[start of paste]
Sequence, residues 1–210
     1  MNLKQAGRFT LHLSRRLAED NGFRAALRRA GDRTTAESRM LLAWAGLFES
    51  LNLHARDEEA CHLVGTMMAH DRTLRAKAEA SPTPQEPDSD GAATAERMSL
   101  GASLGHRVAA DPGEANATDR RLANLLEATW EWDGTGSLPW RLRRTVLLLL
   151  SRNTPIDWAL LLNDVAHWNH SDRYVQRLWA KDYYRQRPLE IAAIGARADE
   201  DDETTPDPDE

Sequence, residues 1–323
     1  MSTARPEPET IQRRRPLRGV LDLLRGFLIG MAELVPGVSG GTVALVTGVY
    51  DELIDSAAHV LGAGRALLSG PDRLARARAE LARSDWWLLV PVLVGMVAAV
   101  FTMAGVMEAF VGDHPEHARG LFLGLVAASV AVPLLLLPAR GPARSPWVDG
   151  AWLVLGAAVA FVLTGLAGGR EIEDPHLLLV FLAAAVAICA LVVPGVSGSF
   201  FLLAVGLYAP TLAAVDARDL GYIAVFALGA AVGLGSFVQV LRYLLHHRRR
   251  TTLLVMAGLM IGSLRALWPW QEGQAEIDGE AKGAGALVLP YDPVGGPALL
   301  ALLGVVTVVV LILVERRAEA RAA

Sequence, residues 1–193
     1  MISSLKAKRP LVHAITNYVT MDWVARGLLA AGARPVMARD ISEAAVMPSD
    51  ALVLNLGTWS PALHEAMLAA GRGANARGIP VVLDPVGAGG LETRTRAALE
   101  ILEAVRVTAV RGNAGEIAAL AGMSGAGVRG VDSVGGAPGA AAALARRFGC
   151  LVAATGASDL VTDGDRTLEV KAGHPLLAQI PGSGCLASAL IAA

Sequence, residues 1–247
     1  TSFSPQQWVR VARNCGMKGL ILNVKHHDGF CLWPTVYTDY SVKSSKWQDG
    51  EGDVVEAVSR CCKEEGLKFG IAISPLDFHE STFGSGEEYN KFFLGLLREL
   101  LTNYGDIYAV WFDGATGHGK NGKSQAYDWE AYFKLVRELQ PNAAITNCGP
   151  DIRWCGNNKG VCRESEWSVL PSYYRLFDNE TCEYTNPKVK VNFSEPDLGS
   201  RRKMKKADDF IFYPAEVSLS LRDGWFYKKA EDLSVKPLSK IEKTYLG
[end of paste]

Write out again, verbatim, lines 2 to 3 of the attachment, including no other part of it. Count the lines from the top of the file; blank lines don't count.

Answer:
     1  MNLKQAGRFT LHLSRRLAED NGFRAALRRA GDRTTAESRM LLAWAGLFES
    51  LNLHARDEEA CHLVGTMMAH DRTLRAKAEA SPTPQEPDSD GAATAERMSL